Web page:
an Ad a Day

A look at the marketing that surrounds us.

Clinique: As Uncomfortable as High Heels?

Posted by Rosepixie on October 14, 2009

This is an ad for Clinique lipstick that was found in a fashion magazine.

Clinique 1The text reads:

High on colour, long on comfort.

New High Impace Lip Color SPF15 wears beautifully for 8 hours.  And lips enjoy every minute.  In 20 highly moisturizing shades that continually smooth, soften, comfort.  Protect from UVA/UVB, too.  Have it all.

I only just noticed that this ad uses the British spelling of “colour” even though it was in an American magazine.  Anyhow, this ad caught my attention because the juxtaposition of that high heeled shoe (and that is one very high heel, probably three full inches) with the phrase “long on comfort” made me laugh out loud.  Shoes like that aren’t comfortable, they’re very bad for your feet.  While there are people who have worn very high heels so long that it’s uncomfortable or even painful for them to wear anything else, they are not only in the minority, but they have come to that point because wearing the shoes has done serious physical damage to them.  High heels may be sexy and not even necessarily uncomfortable, but shoes like that aren’t likely to be what comes to mind for most people when you say “long on comfort”.  Personally, I think of slippers (or, even better, bare feet).  I think that the shoe works for “high on colour”, but it actively makes me disbelieve the claims about comfort.  It makes me wonder if the people behind the product really understand what comfort is.  That’s not a good marketing move.  Sexy is a good angle with lipstick, but telling me that it’s as comfortable as those shoes is probably not the best way to get me to buy it.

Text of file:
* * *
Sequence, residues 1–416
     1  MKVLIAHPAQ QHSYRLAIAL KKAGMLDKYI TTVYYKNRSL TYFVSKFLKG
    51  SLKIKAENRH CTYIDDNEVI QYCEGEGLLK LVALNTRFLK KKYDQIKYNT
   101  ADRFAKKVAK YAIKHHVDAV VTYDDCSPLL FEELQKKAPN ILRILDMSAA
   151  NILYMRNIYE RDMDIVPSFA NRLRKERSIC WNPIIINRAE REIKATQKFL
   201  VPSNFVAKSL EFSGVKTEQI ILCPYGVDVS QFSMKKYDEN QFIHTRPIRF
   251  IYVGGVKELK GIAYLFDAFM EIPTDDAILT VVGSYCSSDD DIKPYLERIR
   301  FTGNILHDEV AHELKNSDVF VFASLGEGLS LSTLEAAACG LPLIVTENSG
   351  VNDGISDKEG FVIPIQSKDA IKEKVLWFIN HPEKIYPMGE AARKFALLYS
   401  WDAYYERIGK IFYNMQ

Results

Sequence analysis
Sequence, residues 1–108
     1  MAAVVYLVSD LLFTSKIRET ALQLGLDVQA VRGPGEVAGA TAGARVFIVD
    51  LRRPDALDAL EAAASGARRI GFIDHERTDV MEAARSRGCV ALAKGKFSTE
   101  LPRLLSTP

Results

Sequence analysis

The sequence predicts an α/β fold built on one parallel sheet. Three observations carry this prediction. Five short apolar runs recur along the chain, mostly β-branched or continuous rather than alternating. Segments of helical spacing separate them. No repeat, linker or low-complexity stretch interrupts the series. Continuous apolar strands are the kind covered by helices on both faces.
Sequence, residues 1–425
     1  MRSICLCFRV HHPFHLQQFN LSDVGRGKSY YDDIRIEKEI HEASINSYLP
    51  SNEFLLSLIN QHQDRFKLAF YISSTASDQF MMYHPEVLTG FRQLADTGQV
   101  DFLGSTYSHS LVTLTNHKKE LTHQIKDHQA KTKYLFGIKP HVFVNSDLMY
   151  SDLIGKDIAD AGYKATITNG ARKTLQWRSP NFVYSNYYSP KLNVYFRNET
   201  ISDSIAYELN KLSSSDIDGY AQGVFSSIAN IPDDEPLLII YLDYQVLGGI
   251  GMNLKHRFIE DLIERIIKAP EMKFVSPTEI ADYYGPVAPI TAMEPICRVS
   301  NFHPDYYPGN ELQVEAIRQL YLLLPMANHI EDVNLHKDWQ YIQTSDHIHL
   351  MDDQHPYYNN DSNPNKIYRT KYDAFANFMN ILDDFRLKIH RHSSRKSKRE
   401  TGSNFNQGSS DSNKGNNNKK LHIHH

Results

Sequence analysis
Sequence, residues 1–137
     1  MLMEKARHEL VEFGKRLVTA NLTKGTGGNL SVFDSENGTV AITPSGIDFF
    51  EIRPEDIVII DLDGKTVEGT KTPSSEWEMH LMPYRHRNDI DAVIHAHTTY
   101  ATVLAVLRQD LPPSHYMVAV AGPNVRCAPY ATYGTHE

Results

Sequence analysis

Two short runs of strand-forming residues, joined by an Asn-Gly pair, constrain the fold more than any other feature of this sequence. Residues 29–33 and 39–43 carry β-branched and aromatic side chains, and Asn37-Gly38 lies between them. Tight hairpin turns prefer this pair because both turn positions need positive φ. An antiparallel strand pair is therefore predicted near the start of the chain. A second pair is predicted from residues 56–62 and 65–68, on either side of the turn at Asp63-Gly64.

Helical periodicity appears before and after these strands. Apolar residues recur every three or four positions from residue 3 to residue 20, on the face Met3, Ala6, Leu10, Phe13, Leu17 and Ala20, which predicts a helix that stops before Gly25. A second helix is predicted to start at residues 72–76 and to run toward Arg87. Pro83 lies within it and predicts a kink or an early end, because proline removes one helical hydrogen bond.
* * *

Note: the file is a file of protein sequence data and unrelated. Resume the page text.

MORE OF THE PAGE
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One Response to “Clinique: As Uncomfortable as High Heels?”

  1. Alan said

    I read this as juxtaposing the two? They’re both high “on” color, but only one is long on comfort. That it looks like an exceptionally high heel (possibly exaggerated by the angle of the photograph) seems to emphasize the difference. Of course, if that was their intention, if a significant portion of their population will react with “As (un)comfortable as high heels!?” then they’ve failed miserably to convey their message.

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